Dr. Travis McCoy, MD Reproductive Endocrinologist Advanced Gynecologic Surgery
What is the role of testing after a failed IVF cycle?
It’s always disappointing and stressful when an IVF cycle fails. There are a number of reasons why a failed IVF transfer fails to be successful. Many of those include issues with the embryos and even those are less likely in a genetically normal embryo there can still be embryo issues responsible. However, when failures have been incurred it raises questions about the uterus and other factors. These uterine factors are not always easy to establish ahead of time, but when failures occur we try to take a step back and consider the possibility of other issues with the uterus.
And what would those issues be?
In the past, we’ve always attributed the issues solely to an embryo issue, but in the past, five to eight years we’ve realized there are other factors involved. Some of which we’ve had testing to search for and some are not understood. In some people there can be issues with the uterus itself and this is more common in a woman that has not had a pregnancy so her history comes into play if there had been a prior successful pregnancy then there are some things we don’t consider to likely be a problem. There are other things that can change as a woman gets older as well, there’s been a lot of research into these factors in the last five years. Our testing really looks at 3 other variables that can come into play.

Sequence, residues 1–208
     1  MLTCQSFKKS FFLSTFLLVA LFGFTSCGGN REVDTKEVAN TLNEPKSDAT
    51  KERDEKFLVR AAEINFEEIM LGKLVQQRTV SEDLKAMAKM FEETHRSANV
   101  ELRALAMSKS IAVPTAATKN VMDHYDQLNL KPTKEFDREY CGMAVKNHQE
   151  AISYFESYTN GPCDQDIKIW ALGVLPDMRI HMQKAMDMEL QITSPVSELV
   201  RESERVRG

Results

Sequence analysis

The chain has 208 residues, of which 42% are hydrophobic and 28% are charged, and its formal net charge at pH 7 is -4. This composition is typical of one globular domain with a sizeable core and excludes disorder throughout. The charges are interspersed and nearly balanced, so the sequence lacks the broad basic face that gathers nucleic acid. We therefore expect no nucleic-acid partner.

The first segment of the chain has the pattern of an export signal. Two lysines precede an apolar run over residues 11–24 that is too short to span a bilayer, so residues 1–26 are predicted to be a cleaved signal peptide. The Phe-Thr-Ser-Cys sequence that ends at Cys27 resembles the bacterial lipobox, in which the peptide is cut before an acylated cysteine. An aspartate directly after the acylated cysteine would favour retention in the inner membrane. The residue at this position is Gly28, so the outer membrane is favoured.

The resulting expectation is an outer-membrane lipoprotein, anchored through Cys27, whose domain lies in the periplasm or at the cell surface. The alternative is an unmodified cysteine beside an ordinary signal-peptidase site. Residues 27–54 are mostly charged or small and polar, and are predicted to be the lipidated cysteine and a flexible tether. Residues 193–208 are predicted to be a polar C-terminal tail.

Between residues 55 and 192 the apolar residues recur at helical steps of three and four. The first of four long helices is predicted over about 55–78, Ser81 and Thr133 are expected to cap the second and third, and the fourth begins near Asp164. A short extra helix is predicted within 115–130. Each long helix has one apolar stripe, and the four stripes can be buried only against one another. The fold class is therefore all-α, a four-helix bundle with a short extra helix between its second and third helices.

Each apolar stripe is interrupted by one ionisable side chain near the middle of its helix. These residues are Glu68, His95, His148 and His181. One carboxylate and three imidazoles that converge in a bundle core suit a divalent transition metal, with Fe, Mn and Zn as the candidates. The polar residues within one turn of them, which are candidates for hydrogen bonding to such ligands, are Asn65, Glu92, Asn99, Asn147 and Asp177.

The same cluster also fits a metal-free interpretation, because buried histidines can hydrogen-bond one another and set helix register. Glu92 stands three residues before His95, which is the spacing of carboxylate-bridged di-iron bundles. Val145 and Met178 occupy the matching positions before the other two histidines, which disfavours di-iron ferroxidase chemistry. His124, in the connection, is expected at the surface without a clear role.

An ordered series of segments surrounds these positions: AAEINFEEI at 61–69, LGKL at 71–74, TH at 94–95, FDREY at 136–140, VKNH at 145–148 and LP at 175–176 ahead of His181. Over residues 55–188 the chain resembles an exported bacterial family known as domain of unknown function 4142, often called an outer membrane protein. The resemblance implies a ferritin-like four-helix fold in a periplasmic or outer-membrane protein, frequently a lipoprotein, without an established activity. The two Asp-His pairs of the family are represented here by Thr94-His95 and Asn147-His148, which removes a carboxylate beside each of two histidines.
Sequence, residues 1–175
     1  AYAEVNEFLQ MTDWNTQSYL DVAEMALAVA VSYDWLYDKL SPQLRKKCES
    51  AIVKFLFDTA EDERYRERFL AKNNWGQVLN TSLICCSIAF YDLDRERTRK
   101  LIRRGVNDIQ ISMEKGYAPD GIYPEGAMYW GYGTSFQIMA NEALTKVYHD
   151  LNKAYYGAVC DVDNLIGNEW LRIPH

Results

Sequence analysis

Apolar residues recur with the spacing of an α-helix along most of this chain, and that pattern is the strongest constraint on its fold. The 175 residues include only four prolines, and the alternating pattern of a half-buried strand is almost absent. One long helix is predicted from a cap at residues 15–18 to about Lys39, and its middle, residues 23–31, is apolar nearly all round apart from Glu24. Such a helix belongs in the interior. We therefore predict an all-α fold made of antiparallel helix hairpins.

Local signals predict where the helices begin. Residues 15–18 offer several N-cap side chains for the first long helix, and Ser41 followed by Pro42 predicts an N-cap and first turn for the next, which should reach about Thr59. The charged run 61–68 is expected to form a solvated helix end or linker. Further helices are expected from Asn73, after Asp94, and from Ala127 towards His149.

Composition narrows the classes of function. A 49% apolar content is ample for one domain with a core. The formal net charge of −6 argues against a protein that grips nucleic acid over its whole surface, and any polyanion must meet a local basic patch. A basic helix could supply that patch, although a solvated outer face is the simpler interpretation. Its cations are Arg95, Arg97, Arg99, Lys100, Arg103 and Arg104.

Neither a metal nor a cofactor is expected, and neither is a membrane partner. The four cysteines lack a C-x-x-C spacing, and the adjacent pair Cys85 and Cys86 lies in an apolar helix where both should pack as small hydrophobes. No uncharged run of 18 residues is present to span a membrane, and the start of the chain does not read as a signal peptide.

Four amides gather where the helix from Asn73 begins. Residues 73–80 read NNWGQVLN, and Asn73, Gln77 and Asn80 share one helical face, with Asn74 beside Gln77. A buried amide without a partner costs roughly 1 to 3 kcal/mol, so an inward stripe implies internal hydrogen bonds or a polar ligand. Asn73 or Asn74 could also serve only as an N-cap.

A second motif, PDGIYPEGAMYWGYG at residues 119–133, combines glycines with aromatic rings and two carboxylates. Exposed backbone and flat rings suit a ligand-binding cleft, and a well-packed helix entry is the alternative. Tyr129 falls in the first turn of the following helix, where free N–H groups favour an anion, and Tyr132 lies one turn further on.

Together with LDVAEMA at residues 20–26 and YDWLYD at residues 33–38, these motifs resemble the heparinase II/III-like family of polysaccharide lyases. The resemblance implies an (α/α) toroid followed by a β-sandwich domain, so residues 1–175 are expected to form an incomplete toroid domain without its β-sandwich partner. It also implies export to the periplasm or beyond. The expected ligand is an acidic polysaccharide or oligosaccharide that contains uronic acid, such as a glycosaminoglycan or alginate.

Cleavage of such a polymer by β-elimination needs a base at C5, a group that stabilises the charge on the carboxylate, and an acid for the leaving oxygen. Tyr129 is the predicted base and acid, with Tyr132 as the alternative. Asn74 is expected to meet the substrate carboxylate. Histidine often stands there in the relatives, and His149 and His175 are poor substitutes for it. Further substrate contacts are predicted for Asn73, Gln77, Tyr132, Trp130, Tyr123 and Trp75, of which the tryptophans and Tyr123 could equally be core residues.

Statistically, the most likely issue we see is undiagnosed or residual endometriosis on implantation success. Years ago we thought IVF fully overcame endometriosis but in the years since we’ve realized there can still be issues with the effect on the uterus and offering the uterus ability to allow an embryo to implant.
Why is endometriosis so important in this process?
In the past endometriosis was thought to be outside the uterus, but we’ve come to understand due to inflammation and other factors it actually alters the endometrium as well. We often start to look and reconsider the reason we went to IVF. A lot of unexplained infertility was mild endometriosis and so sometimes that goes along with why we went to IVF in the first place. There are tests we can do that are performed on the lining of the uterus which is called an endometrial biopsy. One of these first tests is called a Receptiva and this test looks for a marker in inflammation when that marker is there this reliably confirms in most cases the presence of underlying endometriosis and when this marker is present it can be related to a diminished implantation rate of embryos.
Are there treatment options for these patients?
Yes, they can be treated with certain types of hormonal suppression or in some cases surgery to correct the problem.
If a woman with endometriosis is undergoing IVF can she conceive and if it is discovered and treated what are the timelines we are talking about?